Before I became a parent, I was very interested in cribs, baby bathtubs, tiny clothes, and shoes. I agonized over picking the right pediatrician. I worried that my child would be sick and I wouldn’t notice. (That actually brings a chuckle now since every mother knows that you more often think they are sick when they are fine than the reverse.)

I focused a lot on names (probably appropriate) and cloth vs disposable diapers (less important than it seems at first). We philosophized about parenting methods but had to use almost none of them on our perfect-at-the-time oldest child. Could I handle sleep deprivation? Would my husband and I still find time together? (The answer is “Not at first, but it will smooth out once we all calm down and grow up a little.)

I now know that I was worried about all the wrong things. These were all temporary things. These were stages of parenting that pass in the blink of an eye. 5 kids into my parenting journey, I promise you, that’s the easy stuff.

What I really needed (then and now) is perseverance. The first 80 times I said, “Close the door please,” I said it nicely. The first child to write on my bedroom carpet with orange markers got off with a scolding. The fifth child to do it got an undeserved load of yelling and very nearly got her hide tanned. It is not easy to persevere. It is not easy to always parent everyone with as much faith and grace as the first. Loving them is easy. Showing it can be harder, at times.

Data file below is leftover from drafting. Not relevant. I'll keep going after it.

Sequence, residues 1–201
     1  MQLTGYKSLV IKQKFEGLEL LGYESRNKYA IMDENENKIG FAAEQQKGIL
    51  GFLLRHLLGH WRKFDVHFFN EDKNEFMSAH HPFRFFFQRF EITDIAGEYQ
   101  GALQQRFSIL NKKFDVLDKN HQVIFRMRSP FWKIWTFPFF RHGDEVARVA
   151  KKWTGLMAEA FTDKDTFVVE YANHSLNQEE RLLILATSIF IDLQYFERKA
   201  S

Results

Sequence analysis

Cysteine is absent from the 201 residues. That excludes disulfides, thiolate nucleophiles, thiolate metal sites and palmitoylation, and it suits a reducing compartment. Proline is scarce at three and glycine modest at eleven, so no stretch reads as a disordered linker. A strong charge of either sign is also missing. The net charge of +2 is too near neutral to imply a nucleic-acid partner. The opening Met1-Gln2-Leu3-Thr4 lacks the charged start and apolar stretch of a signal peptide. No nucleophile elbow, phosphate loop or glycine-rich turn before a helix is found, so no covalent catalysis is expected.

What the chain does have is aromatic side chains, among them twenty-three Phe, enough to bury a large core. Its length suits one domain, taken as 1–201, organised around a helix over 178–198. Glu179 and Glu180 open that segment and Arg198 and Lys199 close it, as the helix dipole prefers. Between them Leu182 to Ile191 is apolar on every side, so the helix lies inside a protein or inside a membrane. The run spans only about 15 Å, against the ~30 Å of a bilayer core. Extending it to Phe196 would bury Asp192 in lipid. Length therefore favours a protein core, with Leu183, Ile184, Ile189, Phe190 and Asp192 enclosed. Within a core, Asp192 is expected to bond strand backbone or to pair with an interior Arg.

What helps is support. Truly, that’s the answer for me. I have the support of Dear Hubby but also two very close gal friends with some challenges of their own. It is helpful to admit, “I yelled at Tink today for doing what all who’ve gone before her have done. I’m not proud of it.” And after reassuring me that I’m only human, they also remind me I need to apologize.

“Per” means “through” and “severe” speaks for itself. We must persevere in the challenges of parenting our “special case” kids because, quite honestly, they are here to teach us just that, perseverance, and maybe a dose of humility. Our sibling groups are our own private tutors in which areas of our personality we need to refine. Coming through the tough times is what grows us as humans. And what our kids need most is us, in our full humanity.

Hang in there. You’re doing fine.